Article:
Lastly, the government of Kenya are able to increase the tariffs, therefore correcting an unfavourable balance of payment. This causes imports to become more expensive and will cause a fall in demand for the imported goods.

1.1.2        Types of taxation

The two classifications of taxes include direct taxes and indirect taxes. A direct tax is a government levy on the income, property, or wealth of people or organisations. This type of tax is borne entirely by the entity that pays it, and cannot be passed on to another entity. Examples of direct taxes include income tax, corporation tax, capital gain tax and property tax (BusinessDictionary.com, 2014). Generally, direct taxes are paid on income. This effectively means that the more income one earns, the greater their contribution is expected to be to the government of Kenya.


  1. Direct taxes

Income tax

Income tax is an annual charge levied on wages, salaries, and commission as well as dividends, interest, and rents. In addition to financing the Kenyan government’s operations, progressive income taxation is designed to distribute wealth more evenly in the population. There are two types of income tax – Personal income tax and Corporation income tax. Personal income tax is levied on incomes of individuals, households, partnerships, and sole proprietorships while corporation income tax is levied on profits of incorporated firms (BusinessDictionary.com, 2014). In Kenya, the income tax rate is 30%.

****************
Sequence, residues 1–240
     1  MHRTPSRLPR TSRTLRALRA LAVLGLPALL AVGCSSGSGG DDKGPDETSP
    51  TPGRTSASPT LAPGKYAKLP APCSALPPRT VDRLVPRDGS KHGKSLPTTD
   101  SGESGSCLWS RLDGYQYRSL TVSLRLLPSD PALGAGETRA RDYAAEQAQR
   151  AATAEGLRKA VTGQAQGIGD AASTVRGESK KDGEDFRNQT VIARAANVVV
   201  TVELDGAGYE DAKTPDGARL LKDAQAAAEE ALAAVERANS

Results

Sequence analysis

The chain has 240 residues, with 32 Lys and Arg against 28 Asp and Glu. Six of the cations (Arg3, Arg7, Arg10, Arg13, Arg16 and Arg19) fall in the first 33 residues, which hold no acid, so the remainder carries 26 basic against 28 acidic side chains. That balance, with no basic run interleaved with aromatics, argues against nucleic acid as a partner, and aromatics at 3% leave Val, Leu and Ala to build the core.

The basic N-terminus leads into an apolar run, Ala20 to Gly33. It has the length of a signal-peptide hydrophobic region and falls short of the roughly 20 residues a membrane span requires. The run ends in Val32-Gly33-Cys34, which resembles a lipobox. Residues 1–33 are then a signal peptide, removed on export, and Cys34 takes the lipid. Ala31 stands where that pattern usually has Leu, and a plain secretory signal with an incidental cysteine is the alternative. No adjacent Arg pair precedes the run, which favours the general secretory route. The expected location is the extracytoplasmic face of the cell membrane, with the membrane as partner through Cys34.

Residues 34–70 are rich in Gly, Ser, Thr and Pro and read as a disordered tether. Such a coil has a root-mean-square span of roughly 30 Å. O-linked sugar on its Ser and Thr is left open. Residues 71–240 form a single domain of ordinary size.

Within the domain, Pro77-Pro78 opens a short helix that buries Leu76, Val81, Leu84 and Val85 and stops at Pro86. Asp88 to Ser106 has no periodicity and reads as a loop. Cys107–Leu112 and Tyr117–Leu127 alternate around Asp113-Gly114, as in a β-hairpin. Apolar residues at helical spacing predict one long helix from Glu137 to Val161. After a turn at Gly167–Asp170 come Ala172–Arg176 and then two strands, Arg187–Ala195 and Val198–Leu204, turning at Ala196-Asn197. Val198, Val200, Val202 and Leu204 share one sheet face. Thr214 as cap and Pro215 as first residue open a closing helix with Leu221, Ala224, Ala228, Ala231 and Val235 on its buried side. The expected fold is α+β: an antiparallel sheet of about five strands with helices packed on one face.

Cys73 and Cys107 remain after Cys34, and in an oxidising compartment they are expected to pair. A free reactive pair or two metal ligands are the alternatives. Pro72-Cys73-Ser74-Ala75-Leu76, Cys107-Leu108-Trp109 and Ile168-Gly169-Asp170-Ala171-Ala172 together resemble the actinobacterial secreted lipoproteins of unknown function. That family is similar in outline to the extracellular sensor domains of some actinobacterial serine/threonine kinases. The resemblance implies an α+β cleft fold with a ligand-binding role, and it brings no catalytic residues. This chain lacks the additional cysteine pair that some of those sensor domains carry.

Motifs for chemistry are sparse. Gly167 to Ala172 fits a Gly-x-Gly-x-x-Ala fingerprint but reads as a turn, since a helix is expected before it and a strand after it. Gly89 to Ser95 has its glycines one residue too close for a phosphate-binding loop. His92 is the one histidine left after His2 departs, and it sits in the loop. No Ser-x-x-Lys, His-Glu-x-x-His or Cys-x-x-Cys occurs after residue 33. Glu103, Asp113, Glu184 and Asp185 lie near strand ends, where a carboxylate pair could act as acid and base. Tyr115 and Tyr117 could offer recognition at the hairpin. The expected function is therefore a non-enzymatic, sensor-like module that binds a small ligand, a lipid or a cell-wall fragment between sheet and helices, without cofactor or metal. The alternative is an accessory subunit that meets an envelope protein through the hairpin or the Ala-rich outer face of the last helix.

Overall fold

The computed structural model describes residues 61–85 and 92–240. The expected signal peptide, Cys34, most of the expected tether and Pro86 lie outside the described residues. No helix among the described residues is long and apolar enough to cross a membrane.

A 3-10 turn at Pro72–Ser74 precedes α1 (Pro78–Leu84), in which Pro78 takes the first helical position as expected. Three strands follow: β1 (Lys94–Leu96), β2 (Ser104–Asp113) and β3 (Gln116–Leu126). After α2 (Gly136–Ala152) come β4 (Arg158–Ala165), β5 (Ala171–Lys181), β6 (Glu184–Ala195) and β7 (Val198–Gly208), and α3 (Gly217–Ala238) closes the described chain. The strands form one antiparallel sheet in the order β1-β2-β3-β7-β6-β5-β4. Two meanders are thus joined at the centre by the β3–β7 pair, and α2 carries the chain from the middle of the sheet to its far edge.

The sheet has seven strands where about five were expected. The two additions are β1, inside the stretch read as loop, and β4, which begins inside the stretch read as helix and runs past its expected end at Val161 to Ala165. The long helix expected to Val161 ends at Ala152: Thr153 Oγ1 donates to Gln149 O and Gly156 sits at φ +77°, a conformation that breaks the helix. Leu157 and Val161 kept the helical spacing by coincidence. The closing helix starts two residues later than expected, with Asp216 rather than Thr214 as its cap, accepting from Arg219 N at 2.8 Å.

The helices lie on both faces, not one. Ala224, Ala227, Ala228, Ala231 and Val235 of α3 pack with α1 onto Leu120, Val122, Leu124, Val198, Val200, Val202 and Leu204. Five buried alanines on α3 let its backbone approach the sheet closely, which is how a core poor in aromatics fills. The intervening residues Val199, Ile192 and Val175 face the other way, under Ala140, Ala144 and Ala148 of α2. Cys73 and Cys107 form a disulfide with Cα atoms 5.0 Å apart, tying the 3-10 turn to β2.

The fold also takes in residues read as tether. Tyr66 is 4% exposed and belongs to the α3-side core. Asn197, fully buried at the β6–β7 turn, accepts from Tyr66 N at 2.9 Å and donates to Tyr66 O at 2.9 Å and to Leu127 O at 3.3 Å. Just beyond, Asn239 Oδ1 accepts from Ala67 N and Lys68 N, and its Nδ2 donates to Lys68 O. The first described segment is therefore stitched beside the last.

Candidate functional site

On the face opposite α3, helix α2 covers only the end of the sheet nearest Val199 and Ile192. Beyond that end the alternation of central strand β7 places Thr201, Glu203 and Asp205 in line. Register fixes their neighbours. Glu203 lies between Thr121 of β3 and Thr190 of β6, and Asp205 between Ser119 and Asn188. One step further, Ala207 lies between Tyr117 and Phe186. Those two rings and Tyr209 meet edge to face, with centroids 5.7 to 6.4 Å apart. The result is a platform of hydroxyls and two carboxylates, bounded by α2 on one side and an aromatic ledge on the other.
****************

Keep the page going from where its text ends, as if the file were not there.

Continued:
Corporation tax

Corporation tax is a tax on profits and capital gains made by companies, calculated before dividends are paid (BusinessDictionary.com, 2014). In Kenya, the corporation tax rate is 30% for resident companies and 37.5% for non-resident companies.

Capital gain tax

Capital gain tax is a tax on capital gains - the profit realised on the sale of non-current assets that was purchased at a cost that was lower than the amount realised on the sale. These capital items include gains on the value of land, property, and share value. In Kenya, the capital gains tax was suspended but was brought back in 2013. However, the Income Tax Act has not been revised to accommodate for this tax.

Property tax

Property tax is a tax assessed on real estate by the government of Kenya. The tax is usually based on the value of the property that is owned by the individual (Investopedia, 2009). The rate of property tax in Kenya is usually about 1% of the property value.  In Kenya, stamp duty is levied on property transfers at varying rates, depending on the location of the property. Stamp duty is levied at 4% on properties located in municipalities, and at 2% on properties located outside municipalities.

  1. Indirect taxes

On the other hand, indirect taxes are charges levied by the government of Kenya on consumption or expenditure but not on income or property. This tax is imposed on the basis of individual consumption (Ird.gov.dm, 2014).

Examples of indirect taxes include Value Added Tax (VAT), customs duties levied on imports, excise duties on production, and sales tax because they are not levied directly on the income of the consumer. The government of Kenya is tempted to increase indirect taxes to generate more state revenue since these taxes are less obvious than income tax (BusinessDictionary.com, 2014).